A recent California sledding accident killed a football star. According to Yahoo! Sports, the 15-year-old was sledding down an icy hill when he lost control of his inner tube.
"It was very, very icy," said the young sledder's father. "He had gone up a hill. He had not gone more than 20 or 30 feet. He just picked up a head of steam and veered off the main area into a tree."
Our Los Angeles personal injury attorneys understand that the teen's father and a number of onlookers administered CPR until emergency response crews showed up. Unfortunately, he died shortly after the accident. The young man played offensive line for a team in El Dorado Hills.
As we recently reported on our California Injury Lawyer Blog, a bill is in the works that would require ski resorts to report these kinds of accidents to state officials. Currently, no one is California is required to do so. As a matter of fact, California is the only major ski state that has no current ski safety law. We believe that this kind of information should be made public. Knowing about these kinds of incidents would help to raise awareness of the problem and would help to get resorts to straighten up their act and make their grounds safer for visitors.
According to WebMD, there are about 20,000 children who wind up in the emergency room each and every year because of sledding accidents.
Recently, researchers looked at close to 300,000 injuries reported from 1997 to 2007 to see how big this problem really is. According to the study:
-More than a quarter of the injuries were fractures.
-Another quarter of these injuries were bruises and cuts.
-More than half of the injuries happened during a collision.
-It's collision injuries that are more likely to cause some serious brain injuries.
-More than a third of the injuries were to the head.
-More than half of these injuries happened at a sports place or at a recreation area.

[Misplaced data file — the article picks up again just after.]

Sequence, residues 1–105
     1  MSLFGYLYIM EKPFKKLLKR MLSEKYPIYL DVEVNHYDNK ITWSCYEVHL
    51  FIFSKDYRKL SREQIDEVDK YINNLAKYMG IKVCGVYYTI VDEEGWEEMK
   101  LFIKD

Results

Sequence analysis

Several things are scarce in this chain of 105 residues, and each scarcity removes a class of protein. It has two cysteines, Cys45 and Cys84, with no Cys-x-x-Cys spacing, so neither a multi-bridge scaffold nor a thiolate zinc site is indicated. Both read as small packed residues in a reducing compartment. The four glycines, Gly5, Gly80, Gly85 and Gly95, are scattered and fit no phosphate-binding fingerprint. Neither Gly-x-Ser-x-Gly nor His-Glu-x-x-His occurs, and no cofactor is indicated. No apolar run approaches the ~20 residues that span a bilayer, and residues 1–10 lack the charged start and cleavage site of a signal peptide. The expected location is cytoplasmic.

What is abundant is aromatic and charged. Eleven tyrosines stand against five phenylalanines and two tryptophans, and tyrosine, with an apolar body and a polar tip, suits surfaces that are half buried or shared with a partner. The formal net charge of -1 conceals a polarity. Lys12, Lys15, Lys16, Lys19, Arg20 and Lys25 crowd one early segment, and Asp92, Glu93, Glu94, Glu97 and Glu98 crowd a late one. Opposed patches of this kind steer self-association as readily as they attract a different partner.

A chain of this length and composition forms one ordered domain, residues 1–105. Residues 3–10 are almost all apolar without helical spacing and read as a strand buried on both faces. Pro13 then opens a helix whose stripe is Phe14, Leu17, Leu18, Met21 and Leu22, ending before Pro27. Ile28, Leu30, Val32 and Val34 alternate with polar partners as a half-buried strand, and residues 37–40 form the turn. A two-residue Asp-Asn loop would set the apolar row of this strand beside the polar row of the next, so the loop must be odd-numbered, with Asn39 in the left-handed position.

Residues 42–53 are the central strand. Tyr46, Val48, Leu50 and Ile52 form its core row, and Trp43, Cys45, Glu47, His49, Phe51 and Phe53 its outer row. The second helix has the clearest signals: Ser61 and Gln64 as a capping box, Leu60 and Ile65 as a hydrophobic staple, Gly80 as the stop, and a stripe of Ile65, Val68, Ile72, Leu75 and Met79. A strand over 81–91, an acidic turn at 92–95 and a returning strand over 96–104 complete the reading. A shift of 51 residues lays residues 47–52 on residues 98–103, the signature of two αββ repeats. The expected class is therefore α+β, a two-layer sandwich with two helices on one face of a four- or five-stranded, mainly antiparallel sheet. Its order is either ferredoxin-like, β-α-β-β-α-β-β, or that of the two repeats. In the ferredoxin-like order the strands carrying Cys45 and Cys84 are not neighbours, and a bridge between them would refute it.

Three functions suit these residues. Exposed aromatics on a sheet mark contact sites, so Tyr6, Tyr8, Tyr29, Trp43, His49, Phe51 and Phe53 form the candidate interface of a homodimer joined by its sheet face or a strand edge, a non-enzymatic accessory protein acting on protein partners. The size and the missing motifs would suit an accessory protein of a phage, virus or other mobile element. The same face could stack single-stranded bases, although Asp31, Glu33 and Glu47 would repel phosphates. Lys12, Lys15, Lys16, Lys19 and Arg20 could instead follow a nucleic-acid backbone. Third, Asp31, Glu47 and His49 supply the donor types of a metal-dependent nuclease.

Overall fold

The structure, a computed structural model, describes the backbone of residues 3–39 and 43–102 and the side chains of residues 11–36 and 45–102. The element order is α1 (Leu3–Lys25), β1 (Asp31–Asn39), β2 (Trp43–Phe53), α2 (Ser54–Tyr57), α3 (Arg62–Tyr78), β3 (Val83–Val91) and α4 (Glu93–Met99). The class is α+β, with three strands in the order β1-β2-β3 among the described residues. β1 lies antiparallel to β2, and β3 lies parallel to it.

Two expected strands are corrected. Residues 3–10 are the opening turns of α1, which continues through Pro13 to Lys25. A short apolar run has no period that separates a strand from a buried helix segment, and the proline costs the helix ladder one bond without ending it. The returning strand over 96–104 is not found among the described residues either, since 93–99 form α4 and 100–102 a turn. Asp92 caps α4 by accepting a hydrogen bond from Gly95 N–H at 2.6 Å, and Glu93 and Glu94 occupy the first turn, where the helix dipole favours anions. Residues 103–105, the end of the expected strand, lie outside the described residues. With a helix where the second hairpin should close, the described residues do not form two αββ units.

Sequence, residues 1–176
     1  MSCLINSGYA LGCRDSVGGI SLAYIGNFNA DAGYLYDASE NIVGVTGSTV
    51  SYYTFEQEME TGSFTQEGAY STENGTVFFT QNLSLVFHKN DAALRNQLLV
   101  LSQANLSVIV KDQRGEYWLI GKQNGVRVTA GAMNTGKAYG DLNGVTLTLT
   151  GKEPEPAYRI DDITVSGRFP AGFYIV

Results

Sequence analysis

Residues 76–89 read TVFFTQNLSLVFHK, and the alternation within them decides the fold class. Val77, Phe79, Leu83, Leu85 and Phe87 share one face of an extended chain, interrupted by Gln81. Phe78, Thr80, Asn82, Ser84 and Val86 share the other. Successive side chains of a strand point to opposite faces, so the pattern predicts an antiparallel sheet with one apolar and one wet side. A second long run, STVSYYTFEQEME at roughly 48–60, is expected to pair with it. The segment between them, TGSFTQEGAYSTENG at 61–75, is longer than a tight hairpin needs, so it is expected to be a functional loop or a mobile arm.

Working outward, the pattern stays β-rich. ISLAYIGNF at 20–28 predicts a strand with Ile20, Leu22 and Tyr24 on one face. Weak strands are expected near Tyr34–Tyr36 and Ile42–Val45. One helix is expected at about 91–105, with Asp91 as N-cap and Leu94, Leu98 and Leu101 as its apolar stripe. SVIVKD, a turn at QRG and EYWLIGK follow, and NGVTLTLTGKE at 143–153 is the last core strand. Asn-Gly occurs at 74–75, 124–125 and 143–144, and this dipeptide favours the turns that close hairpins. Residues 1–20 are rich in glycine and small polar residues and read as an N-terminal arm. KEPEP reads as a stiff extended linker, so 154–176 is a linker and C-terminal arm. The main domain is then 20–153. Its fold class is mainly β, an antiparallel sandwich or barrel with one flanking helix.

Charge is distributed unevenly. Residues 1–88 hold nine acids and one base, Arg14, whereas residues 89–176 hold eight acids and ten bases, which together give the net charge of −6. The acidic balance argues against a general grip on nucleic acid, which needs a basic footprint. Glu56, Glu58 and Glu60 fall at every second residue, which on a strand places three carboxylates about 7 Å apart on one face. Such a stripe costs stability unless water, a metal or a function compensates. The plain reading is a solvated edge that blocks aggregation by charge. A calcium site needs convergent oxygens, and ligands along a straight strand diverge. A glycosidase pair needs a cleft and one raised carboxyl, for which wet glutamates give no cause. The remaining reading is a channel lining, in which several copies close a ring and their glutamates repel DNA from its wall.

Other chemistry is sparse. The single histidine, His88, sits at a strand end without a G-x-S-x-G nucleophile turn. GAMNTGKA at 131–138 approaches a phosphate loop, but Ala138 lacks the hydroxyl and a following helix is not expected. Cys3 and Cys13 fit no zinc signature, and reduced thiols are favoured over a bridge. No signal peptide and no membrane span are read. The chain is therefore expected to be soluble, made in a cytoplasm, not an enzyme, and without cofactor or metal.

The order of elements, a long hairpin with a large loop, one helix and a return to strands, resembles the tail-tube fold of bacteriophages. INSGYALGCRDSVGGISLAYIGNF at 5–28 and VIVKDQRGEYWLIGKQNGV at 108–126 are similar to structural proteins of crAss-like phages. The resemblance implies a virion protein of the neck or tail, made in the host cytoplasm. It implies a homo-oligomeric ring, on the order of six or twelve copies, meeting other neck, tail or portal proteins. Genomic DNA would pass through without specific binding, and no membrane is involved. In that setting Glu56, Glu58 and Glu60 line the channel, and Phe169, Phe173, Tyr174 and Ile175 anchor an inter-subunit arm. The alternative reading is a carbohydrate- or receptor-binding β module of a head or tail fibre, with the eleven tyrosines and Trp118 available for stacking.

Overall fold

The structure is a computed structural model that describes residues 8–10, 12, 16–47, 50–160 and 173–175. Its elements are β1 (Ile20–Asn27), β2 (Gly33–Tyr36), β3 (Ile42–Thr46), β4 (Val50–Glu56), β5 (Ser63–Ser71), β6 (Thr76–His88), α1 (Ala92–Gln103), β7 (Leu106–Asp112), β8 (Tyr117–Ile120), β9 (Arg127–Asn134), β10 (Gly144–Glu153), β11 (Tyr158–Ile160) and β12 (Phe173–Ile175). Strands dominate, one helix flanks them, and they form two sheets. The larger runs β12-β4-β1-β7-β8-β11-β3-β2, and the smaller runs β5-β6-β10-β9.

-Close to a third of these injuries happened on private property.
-More than 40 percent of the injuries involved sledders between the ages of 10 and 14.
-Close to 60 percent of the injuries happened to males.
-Roughly 5 percent of emergency room visits required further hospitalization.
"Two of the main factors that contribute to sledding-related injuries are the environment and the locale," study co-author Lara McKenzie, PhD, with Ohio State University College.
To help to keep everyone safe during your next sledding trip, make sure you wear a helmet. Sleds can reach speeds of 25 miles per hour. Since so many injuries occur to the head while sledding, strap on a helmet for protection. You should also make sure that all children are properly supervised by an adult during all sledding activities. Lastly, make sure your children sit face-forward. It's easier to steer the sled.
If you or your child has been injured in an accident, contact personal injury attorney Vincent Howard today for a schedule a free and confidential consultation. Call (800) 872-5925.
New Bill Sheds Light on California Ski Accidents, California Injury Lawyers, March 3, 2013
Child Safety: Most Children Not Buckled into Car Seats Properly, California Injury Lawyers, August 13, 2012